“Surely those who believed and those who fled (their home) and strove hard in the way of Allah these hope for the mercy of Allah and Allah is Forgiving, Merciful.” (al-Baqara, 218)

Reinforcing the inner resolve of Muslims, such Divine declarations were at the same time infuriating idolaters and increasing their appetites for vengeance; though they really little needed Revelation, for they were already brimming over with hatred against Muslims, who were rapidly increasing by the day, adding further strength to the budding Islamic State. According to a census taken by the Blessed Prophet -upon him blessings and peace-, the number of male Muslims was reportedly 1500.[7] Considering that the number was only destined to further increase, it was an amount significant enough to give the idolaters plenty to think about. Medina was moreover situated by the Meccan trade route, the heart of Meccan life. Insofar as the idolaters were concerned, the danger needed subduing before it became too great to handle. So they resolved to attack Medina.

Hakam ibn Kaysan was among the prisoners taken in the attack at Batn’u Nakhlah. The Prophet of Mercy -upon him blessings and peace- invited him to Islam, explaining the way of truth many times over in all its detail, to quell any possible doubts that may arise in his mind. Annoyed at Hakam’s tenacity in rejection despite all the trouble the Blessed Prophet -upon him blessings and peace- had gone through, Omar -Allah be well-pleased with him- could not help himself:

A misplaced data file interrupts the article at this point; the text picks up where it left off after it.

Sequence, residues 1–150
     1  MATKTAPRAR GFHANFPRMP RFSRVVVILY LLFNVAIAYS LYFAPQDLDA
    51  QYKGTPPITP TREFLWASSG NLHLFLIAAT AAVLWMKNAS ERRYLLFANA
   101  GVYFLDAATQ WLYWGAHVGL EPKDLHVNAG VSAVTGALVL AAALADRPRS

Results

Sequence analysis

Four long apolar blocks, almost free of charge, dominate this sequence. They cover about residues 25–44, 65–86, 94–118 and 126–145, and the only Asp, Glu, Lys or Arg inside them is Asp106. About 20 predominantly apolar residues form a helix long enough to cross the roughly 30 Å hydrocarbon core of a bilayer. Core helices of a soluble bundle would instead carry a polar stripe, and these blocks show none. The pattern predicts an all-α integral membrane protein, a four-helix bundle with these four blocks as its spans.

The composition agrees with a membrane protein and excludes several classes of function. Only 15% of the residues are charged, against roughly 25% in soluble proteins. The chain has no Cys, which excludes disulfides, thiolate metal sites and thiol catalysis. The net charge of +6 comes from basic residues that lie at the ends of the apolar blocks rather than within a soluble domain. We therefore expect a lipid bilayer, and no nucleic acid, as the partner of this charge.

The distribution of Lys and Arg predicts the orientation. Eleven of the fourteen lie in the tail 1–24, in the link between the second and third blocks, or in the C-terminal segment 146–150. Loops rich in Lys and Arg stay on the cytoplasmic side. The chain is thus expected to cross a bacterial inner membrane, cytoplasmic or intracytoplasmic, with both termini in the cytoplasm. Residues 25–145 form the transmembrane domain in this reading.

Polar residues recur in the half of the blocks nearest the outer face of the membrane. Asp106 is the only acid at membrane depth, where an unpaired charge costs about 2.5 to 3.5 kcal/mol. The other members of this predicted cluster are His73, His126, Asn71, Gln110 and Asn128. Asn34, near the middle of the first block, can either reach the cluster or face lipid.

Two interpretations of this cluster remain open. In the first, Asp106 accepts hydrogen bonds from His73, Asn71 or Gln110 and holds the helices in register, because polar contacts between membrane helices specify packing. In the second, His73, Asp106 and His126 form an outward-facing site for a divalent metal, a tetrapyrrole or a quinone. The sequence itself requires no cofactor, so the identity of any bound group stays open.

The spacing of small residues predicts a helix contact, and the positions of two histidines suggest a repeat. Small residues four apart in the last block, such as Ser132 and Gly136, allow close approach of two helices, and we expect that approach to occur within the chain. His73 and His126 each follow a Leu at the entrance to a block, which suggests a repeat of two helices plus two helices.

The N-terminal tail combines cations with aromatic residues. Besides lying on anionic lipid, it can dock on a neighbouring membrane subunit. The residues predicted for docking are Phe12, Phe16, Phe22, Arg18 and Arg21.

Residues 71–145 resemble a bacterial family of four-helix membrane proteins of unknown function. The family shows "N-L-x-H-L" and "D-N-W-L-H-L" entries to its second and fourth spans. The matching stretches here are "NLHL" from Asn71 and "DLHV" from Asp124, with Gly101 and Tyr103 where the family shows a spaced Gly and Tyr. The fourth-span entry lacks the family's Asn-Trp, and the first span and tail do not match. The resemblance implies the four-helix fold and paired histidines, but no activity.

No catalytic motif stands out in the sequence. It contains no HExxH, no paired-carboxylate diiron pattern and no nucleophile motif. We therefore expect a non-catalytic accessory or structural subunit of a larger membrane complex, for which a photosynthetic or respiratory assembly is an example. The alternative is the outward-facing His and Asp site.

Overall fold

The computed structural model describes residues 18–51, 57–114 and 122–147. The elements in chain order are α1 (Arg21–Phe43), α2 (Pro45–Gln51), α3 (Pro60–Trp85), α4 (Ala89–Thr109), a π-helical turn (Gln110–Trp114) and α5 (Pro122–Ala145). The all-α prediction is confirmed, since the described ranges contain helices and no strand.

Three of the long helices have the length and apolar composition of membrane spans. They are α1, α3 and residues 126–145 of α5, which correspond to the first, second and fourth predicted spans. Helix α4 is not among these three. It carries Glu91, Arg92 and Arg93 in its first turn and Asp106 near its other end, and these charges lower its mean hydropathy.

“Why do you even bother with him, Messenger of Allah? By Allah, he will never become a Muslim. You may as well let me break his neck, so I can send him to Hell!” But the Noble Messenger -upon him blessings and peace- persisted in explaining Islam to Hakam, regardless. And this time, Hakam was all ears.

“What is Islam, again?” he asked.

“To be a servant of Allah, without ascribing any partners to Him, and to bear witness that Muhammad is His servant and Messenger.”

“Then I accept Islam”, Hakam then abruptly stated.

“Had I listened to you before”, the Messenger of Allah -upon him blessings and peace- commented turning to the Companions, “Hakam would have now been in Hellfire!”

Omar -Allah be well-pleased with him- later said:

“Seeing Hakam become a Muslim made me feel as if I had been overwhelmed by all past and entire future. I said to myself, ‘What was I thinking suggesting something to the Messenger of Allah, when he knew better?’ I then consoled myself, thinking my only intention all along was to gain the pleasure of Allah and His Messenger. Hakam did become a Muslim and what a perfect Muslim he was. He fought in the way of Allah and was martyred by the Mauna Well.” (Ibn Sad, IV, 137-138; Waqidi, I, 15-16)

Understood from this incident is the need to communicate Islam patiently, in a gentle manner, adorning it with wisdom and good advice.

[1] Buwat is a mountain among many others in the region formerly inhabited by Juwaynah, standing at a distance of 36 miles from Medina.[2] Waqidî, I, 12; Ibn Saad, II, 8-9.[3] Safawan is a valley in the vicinity of Badr.[4] Ibn Hisham, II, 238; Ibn Saad, II, 9; Ibn Athîr, Usdu’l-Ghaba, IV, 468.[5] Ibn Saad, II, 9-10.

[6] Ibn Hisham, II, 241.[7] Bukhari, Jihad, 181.

Source: Osman Nuri Topbaş, The Prophet Muhammed Mustafa the Elect II, Erkam Publications